The Transcription Factor MEF2 Is a Novel Regulator of Gsta Gene Class in Mouse MA-10 Leydig Cells.

  • Date de publication : 2015-11-21


Di-Luoffo M, Brousseau C, Bergeron F, Tremblay JJ. The Transcription Factor MEF2 Is a Novel Regulator of Gsta Gene Class in Mouse MA-10 Leydig Cells. Endocrinology. 2015;156:4695-706. doi: 10.1210/en.2015-1500. PubMed PMID: 26393304.

Information Complémentaire

Lien vers PubMed

Mot(s) Clé(s)

animals calcium-calmodulin-dependent protein kinase type 1 cell line chromatin immunoprecipitation gene expression regulation, developmental gene knockout techniques glutathione transferase isoenzymes leydig cells mef2 transcription factors male mice promoter regions, genetic rna, messenger reactive oxygen species testosterone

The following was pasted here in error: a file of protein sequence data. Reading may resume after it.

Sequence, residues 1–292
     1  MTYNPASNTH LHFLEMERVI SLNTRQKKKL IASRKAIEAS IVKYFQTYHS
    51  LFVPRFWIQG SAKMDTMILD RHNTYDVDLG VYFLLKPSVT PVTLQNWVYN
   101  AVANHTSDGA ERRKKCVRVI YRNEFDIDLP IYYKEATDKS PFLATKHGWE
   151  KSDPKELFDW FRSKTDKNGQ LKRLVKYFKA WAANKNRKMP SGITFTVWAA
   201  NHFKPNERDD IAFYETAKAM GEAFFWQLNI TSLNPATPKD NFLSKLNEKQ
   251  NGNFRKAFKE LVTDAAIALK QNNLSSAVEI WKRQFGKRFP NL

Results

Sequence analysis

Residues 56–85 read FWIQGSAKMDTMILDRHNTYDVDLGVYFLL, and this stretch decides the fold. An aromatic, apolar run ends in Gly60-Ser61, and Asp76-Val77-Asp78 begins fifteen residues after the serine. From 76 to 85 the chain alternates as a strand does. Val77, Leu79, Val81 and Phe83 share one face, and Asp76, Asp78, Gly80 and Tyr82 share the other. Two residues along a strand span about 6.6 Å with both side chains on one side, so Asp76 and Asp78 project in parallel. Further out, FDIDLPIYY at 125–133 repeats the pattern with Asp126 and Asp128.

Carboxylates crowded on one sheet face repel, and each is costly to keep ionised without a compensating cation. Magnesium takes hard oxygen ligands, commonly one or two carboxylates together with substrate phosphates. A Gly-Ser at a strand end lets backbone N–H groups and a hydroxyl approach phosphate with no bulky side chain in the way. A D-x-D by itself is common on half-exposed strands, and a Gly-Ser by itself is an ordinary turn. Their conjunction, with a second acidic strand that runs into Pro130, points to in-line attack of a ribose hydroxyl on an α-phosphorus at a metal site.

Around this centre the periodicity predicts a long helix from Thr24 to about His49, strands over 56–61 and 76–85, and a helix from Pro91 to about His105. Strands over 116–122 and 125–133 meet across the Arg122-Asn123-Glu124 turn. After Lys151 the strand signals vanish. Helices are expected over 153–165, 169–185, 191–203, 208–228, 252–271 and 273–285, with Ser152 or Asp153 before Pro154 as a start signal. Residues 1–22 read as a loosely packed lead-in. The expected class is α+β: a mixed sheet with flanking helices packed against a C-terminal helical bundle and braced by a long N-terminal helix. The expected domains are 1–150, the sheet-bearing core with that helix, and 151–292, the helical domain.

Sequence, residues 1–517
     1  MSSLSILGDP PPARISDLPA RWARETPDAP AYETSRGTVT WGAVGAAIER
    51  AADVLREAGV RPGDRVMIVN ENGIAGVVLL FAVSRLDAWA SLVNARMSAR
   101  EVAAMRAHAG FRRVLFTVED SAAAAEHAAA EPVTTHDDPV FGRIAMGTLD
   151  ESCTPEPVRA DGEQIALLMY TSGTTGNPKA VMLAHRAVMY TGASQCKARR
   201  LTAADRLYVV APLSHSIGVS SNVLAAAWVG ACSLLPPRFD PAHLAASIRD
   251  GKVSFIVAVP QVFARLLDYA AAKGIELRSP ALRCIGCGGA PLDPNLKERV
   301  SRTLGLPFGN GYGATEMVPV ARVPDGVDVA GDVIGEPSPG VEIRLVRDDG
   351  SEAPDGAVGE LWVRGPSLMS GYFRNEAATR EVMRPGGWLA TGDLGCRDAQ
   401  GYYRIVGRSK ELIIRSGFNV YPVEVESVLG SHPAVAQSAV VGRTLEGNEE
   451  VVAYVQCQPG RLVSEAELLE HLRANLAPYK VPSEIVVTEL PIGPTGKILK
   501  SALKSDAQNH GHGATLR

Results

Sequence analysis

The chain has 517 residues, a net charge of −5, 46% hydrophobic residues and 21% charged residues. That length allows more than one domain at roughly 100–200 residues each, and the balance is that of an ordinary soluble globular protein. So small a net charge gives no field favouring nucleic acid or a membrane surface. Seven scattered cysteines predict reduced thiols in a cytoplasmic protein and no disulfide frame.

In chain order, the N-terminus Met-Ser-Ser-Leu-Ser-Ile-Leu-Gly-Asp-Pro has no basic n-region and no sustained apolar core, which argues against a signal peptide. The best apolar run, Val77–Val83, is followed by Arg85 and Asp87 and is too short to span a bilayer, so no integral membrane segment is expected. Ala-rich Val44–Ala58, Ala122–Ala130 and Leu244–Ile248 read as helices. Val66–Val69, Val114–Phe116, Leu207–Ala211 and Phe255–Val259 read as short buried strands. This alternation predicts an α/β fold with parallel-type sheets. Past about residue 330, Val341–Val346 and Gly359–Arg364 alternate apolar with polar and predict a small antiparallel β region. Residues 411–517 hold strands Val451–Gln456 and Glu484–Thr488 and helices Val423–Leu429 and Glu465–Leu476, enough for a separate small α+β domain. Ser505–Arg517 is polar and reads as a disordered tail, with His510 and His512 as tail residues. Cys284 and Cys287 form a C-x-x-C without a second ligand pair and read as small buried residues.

Testosterone is essential for spermatogenesis and the development of male sexual characteristics. However, steroidogenesis produces a significant amount of reactive oxygen species (ROS), which can disrupt testosterone production. The myocyte enhancer factor 2 (MEF2) is an important regulator of organogenesis and cell differentiation in various tissues. In the testis, MEF2 is present in Sertoli and Leydig cells throughout fetal and adult life. MEF2-deficient MA-10 Leydig cells exhibit a significant decrease in steroidogenesis concomitant with a reduction in glutathione S-transferase (GST) activity and in the expression of the 4 Gsta members (GST) that encode ROS inactivating enzymes. Here, we report a novel role for MEF2 in ROS detoxification by directly regulating Gsta expression in Leydig cells. Endogenous Gsta1-4 mRNA levels were decreased in MEF2-deficient MA-10 Leydig cells. Conversely, overexpression of MEF2 increased endogenous Gsta1 levels. MEF2 recruitment to the proximal Gsta1 promoter and direct binding on the -506-bp MEF2 element were confirmed by chromatin immunoprecipitation and DNA precipitation assays. In MA-10 Leydig cells, MEF2 activates the Gsta1 promoter and cooperates with Ca(2+)/calmodulin-dependent kinases I to further enhance Gsta1 promoter activity. These effects were lost when the -506-bp MEF2 element was mutated or when a MEF2-Engrailed dominant negative protein was used. Similar results were obtained on the Gsta2, Gsta3, and Gsta4 promoters, suggesting a global role for MEF2 factors in the regulation of all 4 Gsta genes. Altogether, our results identify a novel role for MEF2 in the expression of genes involved in ROS detoxification, a process essential for adequate testosterone production in Leydig cells.